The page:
A major inference task in Bayesian networks is explaining why some variables are observed in their particular states using a set of target variables. Existing methods for solving this problem often generate explanations that are either too simple (underspecified) or too complex (overspecified). In this paper, we introduce a method called Most Relevant Explanation (MRE) which finds a partial instantiation of the target variables that maximizes the generalized Bayes factor (GBF) as the best explanation for the given evidence. Our study shows that GBF has several theoretical properties that enable MRE to automatically identify the most relevant target variables in forming its explanation. In particular, conditional Bayes factor (CBF), defined as the GBF of a new explanation conditioned on an existing explanation, provides a soft measure on the degree of relevance of the variables in the new explanation in explaining the evidence given the existing explanation. As a result, MRE is able to automatically prune less relevant variables from its explanation. We also show that CBF is able to capture well the explaining-away phenomenon that is often represented in Bayesian networks. Moreover, we define two dominance relations between the candidate solutions and use the relations to generalize MRE to find a set of top explanations that is both diverse and representative. Case studies on several benchmark diagnostic Bayesian networks show that MRE is often able to find explanatory hypotheses that are not only precise but also concise.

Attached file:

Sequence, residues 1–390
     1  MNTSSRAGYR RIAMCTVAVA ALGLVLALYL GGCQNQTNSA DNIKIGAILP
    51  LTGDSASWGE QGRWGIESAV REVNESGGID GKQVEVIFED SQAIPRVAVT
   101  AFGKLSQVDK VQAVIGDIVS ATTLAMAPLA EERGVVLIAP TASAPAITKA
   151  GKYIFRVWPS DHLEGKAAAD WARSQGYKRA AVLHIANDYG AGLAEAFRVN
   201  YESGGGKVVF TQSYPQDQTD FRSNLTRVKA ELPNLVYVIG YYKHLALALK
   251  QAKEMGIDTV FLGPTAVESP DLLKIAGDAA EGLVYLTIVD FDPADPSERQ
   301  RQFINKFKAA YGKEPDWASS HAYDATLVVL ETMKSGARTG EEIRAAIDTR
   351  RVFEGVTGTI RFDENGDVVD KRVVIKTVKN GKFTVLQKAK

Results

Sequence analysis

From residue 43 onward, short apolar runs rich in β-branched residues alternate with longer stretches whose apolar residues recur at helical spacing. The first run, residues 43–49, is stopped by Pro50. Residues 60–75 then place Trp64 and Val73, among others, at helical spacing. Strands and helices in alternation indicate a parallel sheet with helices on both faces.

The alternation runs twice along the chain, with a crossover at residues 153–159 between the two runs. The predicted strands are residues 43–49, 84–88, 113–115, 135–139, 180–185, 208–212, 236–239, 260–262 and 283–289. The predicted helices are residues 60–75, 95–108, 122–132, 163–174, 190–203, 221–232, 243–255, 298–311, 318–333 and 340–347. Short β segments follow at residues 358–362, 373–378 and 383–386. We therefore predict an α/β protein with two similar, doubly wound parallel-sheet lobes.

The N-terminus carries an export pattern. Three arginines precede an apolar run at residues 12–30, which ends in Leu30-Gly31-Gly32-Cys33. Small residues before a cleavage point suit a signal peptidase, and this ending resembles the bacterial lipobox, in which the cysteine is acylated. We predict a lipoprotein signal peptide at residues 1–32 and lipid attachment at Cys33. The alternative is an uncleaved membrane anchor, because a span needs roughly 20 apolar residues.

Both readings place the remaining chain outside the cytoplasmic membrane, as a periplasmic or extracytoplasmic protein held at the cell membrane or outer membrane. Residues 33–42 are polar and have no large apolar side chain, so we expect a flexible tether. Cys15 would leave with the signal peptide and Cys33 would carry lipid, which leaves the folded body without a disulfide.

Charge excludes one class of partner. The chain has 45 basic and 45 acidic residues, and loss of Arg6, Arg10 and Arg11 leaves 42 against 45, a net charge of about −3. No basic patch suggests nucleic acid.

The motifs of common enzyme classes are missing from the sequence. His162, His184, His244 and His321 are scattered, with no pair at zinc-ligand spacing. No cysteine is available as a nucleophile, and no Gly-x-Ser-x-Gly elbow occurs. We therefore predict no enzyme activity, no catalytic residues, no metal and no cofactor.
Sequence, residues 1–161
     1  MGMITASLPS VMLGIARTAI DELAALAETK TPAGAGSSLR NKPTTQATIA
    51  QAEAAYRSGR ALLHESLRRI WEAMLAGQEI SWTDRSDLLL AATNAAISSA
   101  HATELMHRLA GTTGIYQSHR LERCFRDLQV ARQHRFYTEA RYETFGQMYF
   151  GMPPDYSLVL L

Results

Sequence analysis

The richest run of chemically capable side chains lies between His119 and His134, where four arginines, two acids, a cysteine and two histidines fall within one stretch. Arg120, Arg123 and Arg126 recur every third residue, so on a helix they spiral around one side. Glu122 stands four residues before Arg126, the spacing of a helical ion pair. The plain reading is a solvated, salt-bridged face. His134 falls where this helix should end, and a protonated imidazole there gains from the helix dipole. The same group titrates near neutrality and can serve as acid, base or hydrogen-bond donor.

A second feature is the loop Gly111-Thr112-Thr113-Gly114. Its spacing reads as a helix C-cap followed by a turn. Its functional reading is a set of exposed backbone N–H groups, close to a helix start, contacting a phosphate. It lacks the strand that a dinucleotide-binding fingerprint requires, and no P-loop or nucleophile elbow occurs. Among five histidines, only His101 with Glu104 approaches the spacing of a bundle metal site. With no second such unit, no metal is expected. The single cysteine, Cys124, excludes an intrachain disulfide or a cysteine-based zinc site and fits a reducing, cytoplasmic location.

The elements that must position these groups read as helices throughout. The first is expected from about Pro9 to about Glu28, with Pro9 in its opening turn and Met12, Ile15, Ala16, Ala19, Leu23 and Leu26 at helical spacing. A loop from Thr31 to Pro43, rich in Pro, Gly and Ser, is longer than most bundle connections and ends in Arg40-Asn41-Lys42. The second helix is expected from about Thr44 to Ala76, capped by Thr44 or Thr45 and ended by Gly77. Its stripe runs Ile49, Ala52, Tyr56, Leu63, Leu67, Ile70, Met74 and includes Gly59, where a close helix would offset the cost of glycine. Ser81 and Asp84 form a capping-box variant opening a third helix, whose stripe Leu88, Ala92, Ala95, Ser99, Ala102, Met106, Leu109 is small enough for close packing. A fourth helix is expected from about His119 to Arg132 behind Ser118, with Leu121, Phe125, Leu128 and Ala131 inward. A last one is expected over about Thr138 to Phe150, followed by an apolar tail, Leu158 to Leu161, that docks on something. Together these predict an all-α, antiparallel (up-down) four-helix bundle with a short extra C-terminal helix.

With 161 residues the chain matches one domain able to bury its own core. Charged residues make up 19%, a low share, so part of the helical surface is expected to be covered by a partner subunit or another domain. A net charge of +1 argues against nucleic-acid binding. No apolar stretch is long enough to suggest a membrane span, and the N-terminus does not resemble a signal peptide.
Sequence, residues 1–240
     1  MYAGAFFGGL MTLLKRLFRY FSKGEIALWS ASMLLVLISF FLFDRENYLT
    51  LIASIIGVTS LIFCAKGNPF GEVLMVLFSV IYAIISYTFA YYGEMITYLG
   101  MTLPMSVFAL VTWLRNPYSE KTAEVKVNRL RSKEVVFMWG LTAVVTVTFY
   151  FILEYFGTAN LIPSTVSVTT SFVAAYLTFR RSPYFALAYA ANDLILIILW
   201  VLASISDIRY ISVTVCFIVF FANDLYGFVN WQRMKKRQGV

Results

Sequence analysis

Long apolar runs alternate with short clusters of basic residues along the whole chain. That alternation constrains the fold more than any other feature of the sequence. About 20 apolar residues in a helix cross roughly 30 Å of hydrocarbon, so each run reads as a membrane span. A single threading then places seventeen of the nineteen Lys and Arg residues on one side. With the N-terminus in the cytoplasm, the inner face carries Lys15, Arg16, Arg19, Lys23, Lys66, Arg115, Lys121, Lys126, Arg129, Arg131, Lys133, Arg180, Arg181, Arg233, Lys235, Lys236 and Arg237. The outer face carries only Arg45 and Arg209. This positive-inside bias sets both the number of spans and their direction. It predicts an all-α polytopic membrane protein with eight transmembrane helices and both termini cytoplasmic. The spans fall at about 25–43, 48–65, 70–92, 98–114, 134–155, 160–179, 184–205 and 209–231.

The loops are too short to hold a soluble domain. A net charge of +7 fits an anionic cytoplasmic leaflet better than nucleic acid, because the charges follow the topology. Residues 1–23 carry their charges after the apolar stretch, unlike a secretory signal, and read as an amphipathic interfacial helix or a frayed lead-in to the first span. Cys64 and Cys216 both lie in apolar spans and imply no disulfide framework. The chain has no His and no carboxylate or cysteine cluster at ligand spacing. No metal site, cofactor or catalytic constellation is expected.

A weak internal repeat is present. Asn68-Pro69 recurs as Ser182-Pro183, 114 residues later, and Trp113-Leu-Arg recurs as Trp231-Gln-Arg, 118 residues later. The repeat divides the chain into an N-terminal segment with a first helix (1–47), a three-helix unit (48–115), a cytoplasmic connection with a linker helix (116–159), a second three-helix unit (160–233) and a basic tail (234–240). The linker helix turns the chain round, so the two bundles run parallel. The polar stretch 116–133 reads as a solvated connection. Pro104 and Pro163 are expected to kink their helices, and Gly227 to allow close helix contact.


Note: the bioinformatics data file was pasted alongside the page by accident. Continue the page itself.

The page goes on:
Most Relevant Explanation (MRE) is an inference task in Bayesian networks that finds the most relevant partial instantiation of target variables as an explanation for given evidence by maximizing the Generalized Bayes Factor (GBF). No exact MRE algorithm has been developed previously except exhaustive search. This paper fills the void by introducing two Breadth-First Branch-and-Bound (BFBnB) algorithms for solving MRE based on novel upper bounds of GBF. One upper bound is created by decomposing the computation of GBF using a target blanket decomposition of evidence variables. The other upper bound improves the first bound in two ways. One is to split the target blankets that are too large by converting auxiliary nodes into pseudo-targets so as to scale to large problems. The other is to perform summations instead of maximizations on some of the target variables in each target blanket. Our empirical evaluations show that the proposed BFBnB algorithms make exact MRE inference tractable in Bayesian networks that could not be solved previously.

Explanation facilities are a particularly important feature of expert system frameworks. It is an area in which traditional rule-based expert system frameworks have had mixed results. While explanations about control are well handled, facilities are needed for generating better explanations concerning knowledge base content. This paper approaches the explanation problem by examining the effect an event has on a variable of interest within a symmetric Bayesian inferencing system. We argue that any effect measure operating in this context must satisfy certain properties. Such a measure is proposed. It forms the basis for an explanation facility which allows the user of the Generalized Bayesian Inferencing System to question the meaning of the knowledge base. That facility is described in detail.